My Facebook status yesterday was something about how I was not looking forward to the office Christmas luncheon. That inspired some comments/questions, and I e-mailed the whole saga to my friend Matt. Since I'm not finished with the project I absolutely, positively have to give to the other editor before I go on vacation for two weeks, I'm posting it here for your amusement. Settle in with some cocoa!
The first office Christmas "party" I went to (December 1996), I'd only been working here part-time for a few months. I'm not Catholic and didn't really know anything about nuns, and it was pretty much my first office gig so I didn't know anything about how office parties work.
Here's what a n00b I was: At party time, I was doing actual work and didn't realize that I should have sneaked into the conference room about ten minutes beforehand so I could get a decent seat . . . i.e., one far away from the nuns. Since I was the last one in, I got the place of honor: between the president/CEO nun, who is loopy to begin with, and the VP nun, who had a stroke about six to eight months earlier. Ack!
And let me set the scene of this party, too: It was just the nine of us, crammed into the conference room with some cheese, crackers, holiday cookies, and wine. A CD boombox playing holiday music was on the windowsill, and our Christmas bonuses were in the middle of the table: three calendars and a gift card to Kaufmann's (now known as Macy's).
You may be curious about the three calendars. That year and every year afterward, each of us received a company Christmas card, which is always a three-panel foldout with the calendar for the year ahead on panels 2 and 3. We also get a purse-sized monthly calendar (about 6 x 3) in a lovely leatherette cover with the company logo on it. And, to top it off, we get a spiral-bound journal-sized calendar that has an inspirational quote, Bible verse, or song lyric in calligraphy with an accompanying illustration on the verso while the recto contains one week's worth of days with room for notes. Mostly I set all three calendars (still in their wrapping paper!) somewhere in my apartment and ignore them until many years later when it is safe to throw everything away. (In fact, I excavated the 2006 calendar last week when I was rummaging around in my rubber stamping supplies.)
At the time, I didn't know any of that, though, so I just sat there, nibbling on some crackers and having a stilted conversation with the nuns while giving the rest of my department dirty looks as they giggled and chatted on the other end of the room. I wasn't really paying any attention to the music at all until the song "Santa Claus Is Coming to Town" came on.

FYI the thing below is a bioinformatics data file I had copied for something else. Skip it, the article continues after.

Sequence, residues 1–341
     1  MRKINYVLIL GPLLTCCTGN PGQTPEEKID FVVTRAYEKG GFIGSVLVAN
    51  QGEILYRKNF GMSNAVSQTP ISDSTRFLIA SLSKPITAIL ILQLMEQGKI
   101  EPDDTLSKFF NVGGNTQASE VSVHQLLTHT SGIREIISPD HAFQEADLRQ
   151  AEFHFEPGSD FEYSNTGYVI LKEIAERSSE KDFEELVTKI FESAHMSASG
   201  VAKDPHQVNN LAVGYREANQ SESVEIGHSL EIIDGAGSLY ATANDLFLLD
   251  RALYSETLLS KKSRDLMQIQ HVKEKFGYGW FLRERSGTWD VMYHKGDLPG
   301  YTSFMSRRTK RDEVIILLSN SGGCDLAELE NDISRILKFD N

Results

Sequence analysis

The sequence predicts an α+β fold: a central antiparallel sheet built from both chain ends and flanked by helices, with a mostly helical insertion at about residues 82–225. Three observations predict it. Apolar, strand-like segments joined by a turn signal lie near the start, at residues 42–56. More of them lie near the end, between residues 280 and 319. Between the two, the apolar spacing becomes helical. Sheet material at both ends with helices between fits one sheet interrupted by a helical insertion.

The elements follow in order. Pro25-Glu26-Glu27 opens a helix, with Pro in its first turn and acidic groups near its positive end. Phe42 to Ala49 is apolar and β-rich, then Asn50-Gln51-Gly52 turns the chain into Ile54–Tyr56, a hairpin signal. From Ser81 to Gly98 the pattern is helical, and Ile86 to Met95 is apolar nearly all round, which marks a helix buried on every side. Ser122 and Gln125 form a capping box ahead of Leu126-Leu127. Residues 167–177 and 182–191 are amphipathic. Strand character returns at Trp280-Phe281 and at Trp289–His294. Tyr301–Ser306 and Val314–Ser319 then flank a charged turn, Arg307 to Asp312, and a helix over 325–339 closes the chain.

All of a sudden, the head nun JUMPS UP and hustles over to the CD player so she can skip ahead to the next track. I turned around to watch her because I was surprised by this sudden burst of activity, and that's when she looks at me and says, "Well, Amy, Santa Claus is coming to town. What do you think about that?"
I pretty sure I just stared at her, because I had no idea of how to respond.
I'm not really sure what happened afterwards, but when I went home and recapped all of this for my mom, she said I should have countered with the fact that St. Nicholas is my family's patron saint — on my maternal grandfather's side, anyway — and what did she think about that? Sadly, as with all good comebacks, the idea came too late to be of any use.
Anyhow, this year's luncheon will be nun-free — they're all at the other office now — so all I have to deal with is the office manager. Sigh.
I managed to make it through this year's luncheon. (Gift update: No calendars, and a Visa check card. Woohoo!)
I was not aware that the new director (not a nun) was going to be there, nor could I have anticipated how much time we were going to spend listening to her tell us about a problem confronting her church: To wit, a wood statue of the Holy Family in which Mary's breast is rather prominent and a toddler-sized Jesus seems to be staring directly at it. She was telling us how the parish council members were very upset, but the priests didn't see anything wrong with it. We were cracking all kinds of jokes about the whole thing, because apparently they went back to the sculptor and and asked him to give Mary a facelift (I guess they thought she looked too old) and a breast reduction.
Now playing on iTunes: Solomon Burke - Presents for Christmas